- Which class(es) will you be teaching?
- Are there any specific SEND children in your class?
- What is the current curriculum for you class(es)?
- Will you have a TA with your class(es)?
- what are the school’s policies (feedback, behaviour etc)?
Once you have this information, you can really prepare yourself:
Classes & the curriculum
Study the curriculum for the children you will be teaching. Are you teaching long division? Do you know the best method for this? Does the school have an agreed method? What is it? Can you do it? Do you need to practise teaching it? Are you teaching the Weimar Republic? Do you know the relevant dates, sources and historical conventions of this period of history?
Repeat this for each component you will teach, particularly those areas you feel least confident with (RAG rate yourself against what you are going to teach most imminently).
Regardless of the make up of your class, you should have a well rounded knowledge of SEND expectations, your school’s SEND policy and provision. If there are SEND children in your class(es) ask for information on the specific need, their provision and known working strategies. Try to have this conversation (via email if necessary) with your school’s SENCO and the children’s key worker in school.
As an employee you will be expected to read and be familiar with school policies. It is a term of your employment. They often don’t make for the most thrilling reading, but will give you an insight in to the workings of your new school. This is especially true of your feedback and behaviour policies. These are often the ones that impact most on your day-to-day working in the classroom.
- Behaviour policy: Read it, familiarise yourself with it and know that you will live and breath it in your classroom. Stick to it, unless it is your school’s policy to do so, don’t create your own rules for your own room. This will make your life tricky and make your colleague’s jobs more difficult too. The best advice I ever had on behaviour is this:
Be persistent, insistent and consistent.
- Feedback policy: This will vary massively from school to school and will most likely be different from the schools you have done your placements in (unless they are one in the same of course!) Again, you will be expected to follow this. Do so. If you are able to do so, use whole class feedback where possible. This will save you time, help inform your teaching and provide lost of learning opportunities for your class(es)
If you are lucky enough to have a teaching assistant with you (and this will vary from class to class, especially at secondary), find out, if you can: who they are, speak to them beforehand (if possible). Will you co-plan lessons with them? Will they support the class generally, or one child in particular?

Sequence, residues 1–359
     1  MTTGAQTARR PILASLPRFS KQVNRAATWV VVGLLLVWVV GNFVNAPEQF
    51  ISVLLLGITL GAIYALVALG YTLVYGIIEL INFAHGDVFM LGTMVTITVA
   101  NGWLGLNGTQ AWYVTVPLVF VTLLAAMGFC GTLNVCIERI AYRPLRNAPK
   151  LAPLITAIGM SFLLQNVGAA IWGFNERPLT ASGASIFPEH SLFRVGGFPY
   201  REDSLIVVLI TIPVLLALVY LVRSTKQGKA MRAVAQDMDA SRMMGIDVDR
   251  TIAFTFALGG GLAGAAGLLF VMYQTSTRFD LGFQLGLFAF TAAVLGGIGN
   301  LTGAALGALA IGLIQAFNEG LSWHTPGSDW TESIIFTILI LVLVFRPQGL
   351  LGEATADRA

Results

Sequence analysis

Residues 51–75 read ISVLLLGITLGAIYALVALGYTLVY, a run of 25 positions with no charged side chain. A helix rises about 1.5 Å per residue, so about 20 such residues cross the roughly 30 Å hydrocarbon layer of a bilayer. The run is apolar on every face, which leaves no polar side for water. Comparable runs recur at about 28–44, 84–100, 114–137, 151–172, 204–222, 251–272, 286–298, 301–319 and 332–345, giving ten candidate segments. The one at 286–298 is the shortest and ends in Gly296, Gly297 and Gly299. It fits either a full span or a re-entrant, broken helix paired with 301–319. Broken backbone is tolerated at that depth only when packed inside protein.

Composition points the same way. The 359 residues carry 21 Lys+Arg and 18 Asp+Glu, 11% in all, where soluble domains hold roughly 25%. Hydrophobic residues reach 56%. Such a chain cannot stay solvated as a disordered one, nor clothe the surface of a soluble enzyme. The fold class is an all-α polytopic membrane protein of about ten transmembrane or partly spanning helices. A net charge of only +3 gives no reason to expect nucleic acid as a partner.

Shoes & clothes
Now, to some this may seem like an unimportant section to include, to them, I say, you’re wrong! You will spend a long time in the clothes and shoes you will wear to school. But, I am going to break it to you now, they will get ruined! Board marker, snot, paint, chewing gum. You name it, it’ll get stuck on there. So if you have a penchant for Gucci, but an NQT salary, I’d advise you to keep the designers for the weekend and stick to affordable High Street Monday – Friday.
Whilst the clothes will get ruined, the shoes will do the ruining. The shoes. Oh the shoes! These will make or break your day. Make sure they are comfy, you will be on your feet lots. And wear them in before September, just in case there are any places they catch, you’ll know where to put your plasters.
Right before you start do the first day at school ritutal:
- Pack your bag
- Get your lunch ready
- Hang your clothes out
- get your comfy shoes ready
And for goodness sake, take in an emergency kit:
Snacks, plasters, hair ties, baby wipes, tights, socks deodorant and the caffeinated beverage of your choice.
Have a rest
You can do all of the prep, follow all of the advice, do all of the reading, but don’t forget to rest. A tired teacher is no good to anyone, least of all their students. See your friends and family (once we’re all allowed to of course!) and most importantly, don’t forget them or yourself once you start your job. You’ll need them, Make time for them and yourself. Again, trust me!
It may seem throw away, I really do understand that, but try not to worry. You wil get the hang of it, reagrdless of missing a part of your training. It’s a bit like driving, you learn most once you’ve passed your test.
When we return, in these crazy times, many your new colleagues will be in a very similar position to you, whether they admit it or not. We will all be nervous, there will be a bit of the unknown and we will all be doing our best to support one another. Especially you, the next generation of this glorious profession. Welcome aboard!